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jougo-zukuri@˜R“l‘¢
KEY WORD :@architecture / folk dwellings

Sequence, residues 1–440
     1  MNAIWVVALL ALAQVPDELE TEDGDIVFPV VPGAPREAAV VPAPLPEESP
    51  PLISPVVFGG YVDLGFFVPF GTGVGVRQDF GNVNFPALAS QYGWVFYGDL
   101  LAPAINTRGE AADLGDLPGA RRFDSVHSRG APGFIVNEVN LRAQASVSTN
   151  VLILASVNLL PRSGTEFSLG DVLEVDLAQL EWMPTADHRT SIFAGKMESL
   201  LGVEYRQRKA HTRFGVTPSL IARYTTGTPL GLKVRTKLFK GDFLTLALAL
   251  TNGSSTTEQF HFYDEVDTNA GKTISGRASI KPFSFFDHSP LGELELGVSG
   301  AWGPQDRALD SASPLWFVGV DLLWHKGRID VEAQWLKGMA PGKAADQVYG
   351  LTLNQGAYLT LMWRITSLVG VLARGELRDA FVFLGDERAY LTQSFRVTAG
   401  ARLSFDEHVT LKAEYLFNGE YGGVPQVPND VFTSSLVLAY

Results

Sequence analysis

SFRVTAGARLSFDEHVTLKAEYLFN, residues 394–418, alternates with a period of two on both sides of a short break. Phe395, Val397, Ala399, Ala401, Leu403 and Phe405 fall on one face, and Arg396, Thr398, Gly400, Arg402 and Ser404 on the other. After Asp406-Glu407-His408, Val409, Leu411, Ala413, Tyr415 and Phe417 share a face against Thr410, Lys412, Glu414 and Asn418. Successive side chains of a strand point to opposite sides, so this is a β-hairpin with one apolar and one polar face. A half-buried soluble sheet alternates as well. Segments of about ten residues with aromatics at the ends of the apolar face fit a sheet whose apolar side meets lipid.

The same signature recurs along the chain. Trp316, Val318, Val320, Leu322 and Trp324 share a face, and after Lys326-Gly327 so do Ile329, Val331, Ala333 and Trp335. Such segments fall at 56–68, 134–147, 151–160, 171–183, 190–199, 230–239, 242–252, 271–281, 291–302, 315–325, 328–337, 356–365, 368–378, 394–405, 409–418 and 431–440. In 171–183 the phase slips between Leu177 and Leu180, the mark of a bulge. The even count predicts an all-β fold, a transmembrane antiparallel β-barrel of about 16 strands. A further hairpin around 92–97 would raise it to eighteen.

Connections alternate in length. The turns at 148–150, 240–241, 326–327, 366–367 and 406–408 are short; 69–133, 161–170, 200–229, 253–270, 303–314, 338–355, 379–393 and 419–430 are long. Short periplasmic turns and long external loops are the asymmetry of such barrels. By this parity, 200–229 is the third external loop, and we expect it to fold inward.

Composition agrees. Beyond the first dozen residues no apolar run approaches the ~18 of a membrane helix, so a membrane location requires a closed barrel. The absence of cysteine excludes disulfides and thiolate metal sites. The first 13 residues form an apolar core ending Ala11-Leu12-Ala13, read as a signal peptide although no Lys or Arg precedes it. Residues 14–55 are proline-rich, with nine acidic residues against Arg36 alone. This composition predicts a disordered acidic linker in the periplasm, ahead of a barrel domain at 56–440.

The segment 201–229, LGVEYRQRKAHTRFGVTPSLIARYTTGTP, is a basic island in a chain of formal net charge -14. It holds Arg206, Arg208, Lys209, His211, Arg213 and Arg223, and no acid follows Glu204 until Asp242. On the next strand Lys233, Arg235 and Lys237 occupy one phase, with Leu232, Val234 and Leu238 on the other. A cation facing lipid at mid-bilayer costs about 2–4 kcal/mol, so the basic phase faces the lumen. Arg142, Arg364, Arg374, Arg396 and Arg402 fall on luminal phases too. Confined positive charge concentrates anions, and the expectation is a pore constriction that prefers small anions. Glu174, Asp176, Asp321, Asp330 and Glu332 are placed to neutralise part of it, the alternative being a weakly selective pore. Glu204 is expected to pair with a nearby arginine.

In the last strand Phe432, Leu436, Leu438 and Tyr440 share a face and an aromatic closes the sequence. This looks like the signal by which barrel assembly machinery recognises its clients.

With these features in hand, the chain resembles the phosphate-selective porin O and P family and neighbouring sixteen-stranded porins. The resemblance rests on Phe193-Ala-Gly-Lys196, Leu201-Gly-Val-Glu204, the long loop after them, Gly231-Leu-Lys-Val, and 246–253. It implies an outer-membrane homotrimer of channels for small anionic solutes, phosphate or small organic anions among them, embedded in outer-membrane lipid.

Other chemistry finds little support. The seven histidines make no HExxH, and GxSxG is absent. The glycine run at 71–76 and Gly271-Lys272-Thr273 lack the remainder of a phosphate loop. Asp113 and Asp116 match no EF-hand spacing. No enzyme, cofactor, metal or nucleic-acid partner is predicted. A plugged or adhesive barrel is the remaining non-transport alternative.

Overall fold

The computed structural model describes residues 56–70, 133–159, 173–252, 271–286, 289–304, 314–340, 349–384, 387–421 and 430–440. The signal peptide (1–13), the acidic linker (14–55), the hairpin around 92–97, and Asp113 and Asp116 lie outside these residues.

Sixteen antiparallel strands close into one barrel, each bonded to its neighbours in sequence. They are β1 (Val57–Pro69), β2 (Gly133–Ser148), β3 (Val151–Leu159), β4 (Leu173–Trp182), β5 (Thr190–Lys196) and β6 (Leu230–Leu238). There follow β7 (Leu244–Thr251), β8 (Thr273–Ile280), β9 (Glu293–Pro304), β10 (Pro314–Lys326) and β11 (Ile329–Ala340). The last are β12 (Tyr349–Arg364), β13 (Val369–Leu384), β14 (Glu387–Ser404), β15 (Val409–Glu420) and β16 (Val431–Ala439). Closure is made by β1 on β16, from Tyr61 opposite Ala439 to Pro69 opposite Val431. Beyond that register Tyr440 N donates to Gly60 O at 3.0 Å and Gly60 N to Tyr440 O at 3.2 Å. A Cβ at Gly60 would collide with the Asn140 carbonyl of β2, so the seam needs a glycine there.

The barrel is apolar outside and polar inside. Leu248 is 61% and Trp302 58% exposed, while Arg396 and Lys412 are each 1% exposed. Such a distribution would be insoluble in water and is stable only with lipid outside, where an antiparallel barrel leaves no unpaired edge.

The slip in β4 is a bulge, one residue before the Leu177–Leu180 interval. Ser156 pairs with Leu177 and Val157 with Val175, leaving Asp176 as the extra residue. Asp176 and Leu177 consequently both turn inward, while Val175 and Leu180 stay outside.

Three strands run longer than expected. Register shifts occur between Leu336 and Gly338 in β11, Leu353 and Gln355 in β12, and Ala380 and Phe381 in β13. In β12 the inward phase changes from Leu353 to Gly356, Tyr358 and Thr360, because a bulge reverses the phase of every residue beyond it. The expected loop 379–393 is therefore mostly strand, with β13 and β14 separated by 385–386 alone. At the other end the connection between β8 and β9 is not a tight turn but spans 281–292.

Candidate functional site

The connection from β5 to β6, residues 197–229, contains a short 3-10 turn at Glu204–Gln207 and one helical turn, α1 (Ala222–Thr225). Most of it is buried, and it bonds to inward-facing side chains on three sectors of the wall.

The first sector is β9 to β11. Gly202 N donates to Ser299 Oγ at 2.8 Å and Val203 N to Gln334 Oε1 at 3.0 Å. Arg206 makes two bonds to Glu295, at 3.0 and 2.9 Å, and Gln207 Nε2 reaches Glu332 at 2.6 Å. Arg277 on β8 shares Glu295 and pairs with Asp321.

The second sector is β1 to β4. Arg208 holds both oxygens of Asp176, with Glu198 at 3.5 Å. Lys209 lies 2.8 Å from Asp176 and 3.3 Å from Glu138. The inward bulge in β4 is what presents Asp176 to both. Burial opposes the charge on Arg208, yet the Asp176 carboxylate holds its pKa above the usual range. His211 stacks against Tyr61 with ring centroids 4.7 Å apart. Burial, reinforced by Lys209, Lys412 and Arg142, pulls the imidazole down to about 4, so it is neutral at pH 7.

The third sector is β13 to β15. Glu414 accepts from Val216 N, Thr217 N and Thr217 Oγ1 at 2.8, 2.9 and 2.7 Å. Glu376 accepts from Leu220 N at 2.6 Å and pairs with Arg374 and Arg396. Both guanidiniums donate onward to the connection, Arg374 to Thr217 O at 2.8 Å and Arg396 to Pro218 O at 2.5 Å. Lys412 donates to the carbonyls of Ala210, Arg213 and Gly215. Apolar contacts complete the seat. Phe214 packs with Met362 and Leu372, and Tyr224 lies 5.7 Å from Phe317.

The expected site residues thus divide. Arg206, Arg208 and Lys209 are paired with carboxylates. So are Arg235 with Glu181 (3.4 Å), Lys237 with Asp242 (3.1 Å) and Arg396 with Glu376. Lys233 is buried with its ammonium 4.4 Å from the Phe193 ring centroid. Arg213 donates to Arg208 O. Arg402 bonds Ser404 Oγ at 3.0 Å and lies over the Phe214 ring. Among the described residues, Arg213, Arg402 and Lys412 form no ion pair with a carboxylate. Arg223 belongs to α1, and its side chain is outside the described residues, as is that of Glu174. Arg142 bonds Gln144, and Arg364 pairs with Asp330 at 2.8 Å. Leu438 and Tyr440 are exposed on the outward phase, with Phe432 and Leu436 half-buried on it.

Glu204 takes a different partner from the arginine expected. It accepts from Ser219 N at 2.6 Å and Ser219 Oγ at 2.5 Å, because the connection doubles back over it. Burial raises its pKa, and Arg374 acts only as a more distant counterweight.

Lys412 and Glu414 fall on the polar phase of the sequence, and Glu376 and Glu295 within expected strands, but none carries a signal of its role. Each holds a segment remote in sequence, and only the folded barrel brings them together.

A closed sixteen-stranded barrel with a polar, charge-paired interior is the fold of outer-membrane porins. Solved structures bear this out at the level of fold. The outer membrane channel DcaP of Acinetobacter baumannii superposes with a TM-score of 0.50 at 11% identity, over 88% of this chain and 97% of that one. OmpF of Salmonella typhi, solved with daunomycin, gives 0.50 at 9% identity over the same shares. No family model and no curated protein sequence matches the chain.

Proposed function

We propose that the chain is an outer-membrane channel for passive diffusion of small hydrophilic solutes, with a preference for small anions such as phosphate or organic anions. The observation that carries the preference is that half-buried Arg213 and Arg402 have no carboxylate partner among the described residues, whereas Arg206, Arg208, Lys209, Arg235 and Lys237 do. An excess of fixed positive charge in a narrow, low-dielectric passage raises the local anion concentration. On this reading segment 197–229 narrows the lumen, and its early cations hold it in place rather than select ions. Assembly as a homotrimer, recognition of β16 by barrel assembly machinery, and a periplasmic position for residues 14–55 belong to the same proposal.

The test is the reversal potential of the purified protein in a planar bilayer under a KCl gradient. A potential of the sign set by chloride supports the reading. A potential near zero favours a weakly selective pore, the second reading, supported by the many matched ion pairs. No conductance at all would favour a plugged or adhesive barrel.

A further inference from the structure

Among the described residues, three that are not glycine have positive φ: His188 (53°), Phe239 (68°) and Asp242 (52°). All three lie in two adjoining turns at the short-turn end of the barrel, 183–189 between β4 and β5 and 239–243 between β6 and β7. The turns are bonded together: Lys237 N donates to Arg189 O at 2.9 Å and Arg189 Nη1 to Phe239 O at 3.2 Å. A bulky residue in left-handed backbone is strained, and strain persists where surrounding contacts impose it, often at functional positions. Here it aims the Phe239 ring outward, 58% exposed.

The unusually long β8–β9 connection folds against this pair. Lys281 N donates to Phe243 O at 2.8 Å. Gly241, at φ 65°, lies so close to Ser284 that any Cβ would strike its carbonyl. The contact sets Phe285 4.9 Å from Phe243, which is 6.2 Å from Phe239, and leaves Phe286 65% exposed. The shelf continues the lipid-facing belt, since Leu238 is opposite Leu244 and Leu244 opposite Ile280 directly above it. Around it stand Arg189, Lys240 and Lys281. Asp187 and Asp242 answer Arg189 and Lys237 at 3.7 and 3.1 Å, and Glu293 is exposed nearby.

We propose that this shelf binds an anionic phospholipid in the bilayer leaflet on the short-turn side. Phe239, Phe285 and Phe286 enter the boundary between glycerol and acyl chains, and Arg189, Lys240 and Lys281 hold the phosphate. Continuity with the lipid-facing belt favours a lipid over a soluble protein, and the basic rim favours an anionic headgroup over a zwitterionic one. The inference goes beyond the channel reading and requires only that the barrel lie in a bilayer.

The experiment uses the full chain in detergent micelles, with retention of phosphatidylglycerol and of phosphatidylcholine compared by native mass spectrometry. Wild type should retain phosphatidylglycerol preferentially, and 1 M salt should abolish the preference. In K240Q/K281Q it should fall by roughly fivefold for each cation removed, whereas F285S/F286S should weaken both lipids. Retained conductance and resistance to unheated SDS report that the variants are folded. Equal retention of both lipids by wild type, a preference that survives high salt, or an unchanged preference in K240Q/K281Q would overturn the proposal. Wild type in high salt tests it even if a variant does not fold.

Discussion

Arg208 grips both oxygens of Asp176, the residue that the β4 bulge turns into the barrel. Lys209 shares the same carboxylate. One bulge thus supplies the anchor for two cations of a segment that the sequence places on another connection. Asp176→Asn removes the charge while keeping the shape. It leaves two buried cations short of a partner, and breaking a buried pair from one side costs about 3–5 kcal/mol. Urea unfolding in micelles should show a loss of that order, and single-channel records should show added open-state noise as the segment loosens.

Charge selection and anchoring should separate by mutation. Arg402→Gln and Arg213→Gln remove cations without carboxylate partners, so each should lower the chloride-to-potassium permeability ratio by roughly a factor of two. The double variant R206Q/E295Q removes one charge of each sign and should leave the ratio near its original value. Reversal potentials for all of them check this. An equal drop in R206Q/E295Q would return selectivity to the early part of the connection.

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Also called jougomune ˜R“l“ A roof-style found on vernacular houses *minka –¯‰Æ, mainly in Saga prefecture. The main roof of the main building, omoya Žå‰® (see *hon'ya –{‰®) is composed of 4 ranges laid out to form a square around a totally enclosed central valley, from which the style derives its name, jougo ˜R“l (a funnel). The roof is hipped and thatched and each range is rather narrow in cross section, 2 - 2.5 *ken ŠÔ (approximately four meters). The ridges are covered with plain large tiles *hiragawara •½Š¢ and decorated with horn-like thatch features, minnosu Ž¨Žq. The central valley is drained by means of a very large rainwater gutter *amadoi ‰J”ó of overlapping, half-cylindrical tiles, also called jougo. The gutter is supported by a ladder-like cradle of bamboo called a jougo hashigo ˜R“l’òŽq. It crosses one range of the roof space within the building to discharge water through a wall to an external channel. The style developed in the last decades of the Edo period, as an elaboration of *futamune-zukuri “ñ“‘¢ or *kudo-zukuri â}‘¢. Despite vulnerability to heavy rain, the style was regarded as resistant to typhoon winds, and among the wealthy farmers, enjoyed considerable popularity for a time.
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